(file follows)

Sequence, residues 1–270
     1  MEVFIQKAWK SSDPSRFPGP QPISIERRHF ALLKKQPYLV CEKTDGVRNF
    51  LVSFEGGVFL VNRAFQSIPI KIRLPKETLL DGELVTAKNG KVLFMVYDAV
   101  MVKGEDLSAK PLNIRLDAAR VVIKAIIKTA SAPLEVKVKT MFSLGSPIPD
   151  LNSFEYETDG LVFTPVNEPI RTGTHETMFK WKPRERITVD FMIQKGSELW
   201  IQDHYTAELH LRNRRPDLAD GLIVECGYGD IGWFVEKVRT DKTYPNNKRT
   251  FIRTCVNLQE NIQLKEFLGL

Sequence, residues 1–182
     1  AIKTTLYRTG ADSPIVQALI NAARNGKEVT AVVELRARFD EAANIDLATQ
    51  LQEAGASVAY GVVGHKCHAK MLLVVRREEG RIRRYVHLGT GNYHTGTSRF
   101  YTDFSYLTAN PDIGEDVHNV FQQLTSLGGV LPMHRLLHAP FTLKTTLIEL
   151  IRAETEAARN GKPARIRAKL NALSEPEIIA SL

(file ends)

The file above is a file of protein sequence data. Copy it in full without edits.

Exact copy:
Sequence, residues 1–270
     1  MEVFIQKAWK SSDPSRFPGP QPISIERRHF ALLKKQPYLV CEKTDGVRNF
    51  LVSFEGGVFL VNRAFQSIPI KIRLPKETLL DGELVTAKNG KVLFMVYDAV
   101  MVKGEDLSAK PLNIRLDAAR VVIKAIIKTA SAPLEVKVKT MFSLGSPIPD
   151  LNSFEYETDG LVFTPVNEPI RTGTHETMFK WKPRERITVD FMIQKGSELW
   201  IQDHYTAELH LRNRRPDLAD GLIVECGYGD IGWFVEKVRT DKTYPNNKRT
   251  FIRTCVNLQE NIQLKEFLGL

Sequence, residues 1–182
     1  AIKTTLYRTG ADSPIVQALI NAARNGKEVT AVVELRARFD EAANIDLATQ
    51  LQEAGASVAY GVVGHKCHAK MLLVVRREEG RIRRYVHLGT GNYHTGTSRF
   101  YTDFSYLTAN PDIGEDVHNV FQQLTSLGGV LPMHRLLHAP FTLKTTLIEL
   151  IRAETEAARN GKPARIRAKL NALSEPEIIA SL